Proof
(related to Corollary: Divisors of a Product Of Many Factors, CoPrime to All But One Factor, Divide This Factor)
 The case $n=2$ was proven in the proposition about divisors of a product of two factors coprime to one factor.
 Let \(n > 2\). If
\[a\mid \prod_{\nu=1}^n a_\nu,\]
then it follows from \( a\perp a_\nu,\quad 1\le \nu < n,\) in particular, that \(a\) and \(a_1\) are coprime, i.e. \(\gcd(a,a_1)=1\).
 Therefore, any common divisor other of \(a\) and \(\prod_{\nu=1}^n a_\nu\) other than \(1\) must be also a common divisor of \(a\) and \(\prod_{\nu=2}^n a_\nu\), i.e. the product in which we left the first factor \(a_1\).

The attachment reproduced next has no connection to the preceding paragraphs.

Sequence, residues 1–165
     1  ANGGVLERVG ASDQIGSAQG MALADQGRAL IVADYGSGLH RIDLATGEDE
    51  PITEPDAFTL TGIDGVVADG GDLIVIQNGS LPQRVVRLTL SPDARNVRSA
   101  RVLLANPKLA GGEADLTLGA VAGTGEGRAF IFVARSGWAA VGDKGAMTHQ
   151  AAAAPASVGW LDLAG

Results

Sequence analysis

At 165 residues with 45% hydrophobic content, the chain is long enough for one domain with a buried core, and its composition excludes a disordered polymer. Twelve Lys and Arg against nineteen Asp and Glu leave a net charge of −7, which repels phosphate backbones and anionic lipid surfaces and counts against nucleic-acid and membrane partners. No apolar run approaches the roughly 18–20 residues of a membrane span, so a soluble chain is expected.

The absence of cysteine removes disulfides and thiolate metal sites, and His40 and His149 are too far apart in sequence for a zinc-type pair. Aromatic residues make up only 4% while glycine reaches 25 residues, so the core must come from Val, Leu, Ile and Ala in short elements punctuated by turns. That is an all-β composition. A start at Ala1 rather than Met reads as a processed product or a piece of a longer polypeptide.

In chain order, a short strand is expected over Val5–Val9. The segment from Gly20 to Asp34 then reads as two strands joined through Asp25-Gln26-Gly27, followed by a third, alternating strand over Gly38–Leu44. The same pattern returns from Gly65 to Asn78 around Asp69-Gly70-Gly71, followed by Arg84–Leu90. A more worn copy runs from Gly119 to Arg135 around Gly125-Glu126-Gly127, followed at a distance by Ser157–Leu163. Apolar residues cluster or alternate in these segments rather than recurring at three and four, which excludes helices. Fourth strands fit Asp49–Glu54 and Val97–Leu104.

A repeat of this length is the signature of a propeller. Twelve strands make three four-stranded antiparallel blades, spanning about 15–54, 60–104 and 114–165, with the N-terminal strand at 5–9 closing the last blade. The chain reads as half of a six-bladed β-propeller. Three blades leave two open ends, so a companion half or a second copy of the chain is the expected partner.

Thus, it follows that
\[a\mid \prod_{\nu=2}^n a_\nu.\]
 With the same argument, since \(\gcd(a,a_2)=1\), we can remove \(a_2\) from the product and still conclude that
\[a\mid \prod_{\nu=3}^n a_\nu.\]
 The same reasoning and the same procedure can be repeated for all \(\nu=1,\ldots,n\), until we get
\[a\mid \prod_{\nu=n1}^n a_\nu,\]
and finally, after the removal of \(a_{n1},\)
\[a\mid a_n.\]
∎
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References
Bibliography
 Landau, Edmund: "Vorlesungen über Zahlentheorie, Aus der Elementaren Zahlentheorie", S. Hirzel, Leipzig, 1927